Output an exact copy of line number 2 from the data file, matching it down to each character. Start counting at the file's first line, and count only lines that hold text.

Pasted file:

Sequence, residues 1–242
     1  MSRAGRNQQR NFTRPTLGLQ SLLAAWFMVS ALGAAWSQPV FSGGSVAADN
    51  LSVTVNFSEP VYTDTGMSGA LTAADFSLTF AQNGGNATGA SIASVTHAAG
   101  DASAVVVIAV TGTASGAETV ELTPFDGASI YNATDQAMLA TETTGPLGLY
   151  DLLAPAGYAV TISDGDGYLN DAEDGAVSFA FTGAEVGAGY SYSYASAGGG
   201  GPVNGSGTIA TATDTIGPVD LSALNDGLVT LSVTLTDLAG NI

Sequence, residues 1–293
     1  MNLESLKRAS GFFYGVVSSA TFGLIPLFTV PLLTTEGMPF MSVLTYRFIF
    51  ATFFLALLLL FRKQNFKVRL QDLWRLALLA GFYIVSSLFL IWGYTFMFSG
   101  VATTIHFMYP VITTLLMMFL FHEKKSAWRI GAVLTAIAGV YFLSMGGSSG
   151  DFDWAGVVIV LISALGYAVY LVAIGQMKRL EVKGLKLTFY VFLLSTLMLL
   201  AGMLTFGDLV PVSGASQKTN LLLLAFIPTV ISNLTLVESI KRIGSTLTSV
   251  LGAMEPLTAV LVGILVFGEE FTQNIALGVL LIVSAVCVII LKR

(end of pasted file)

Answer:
     1  MSRAGRNQQR NFTRPTLGLQ SLLAAWFMVS ALGAAWSQPV FSGGSVAADN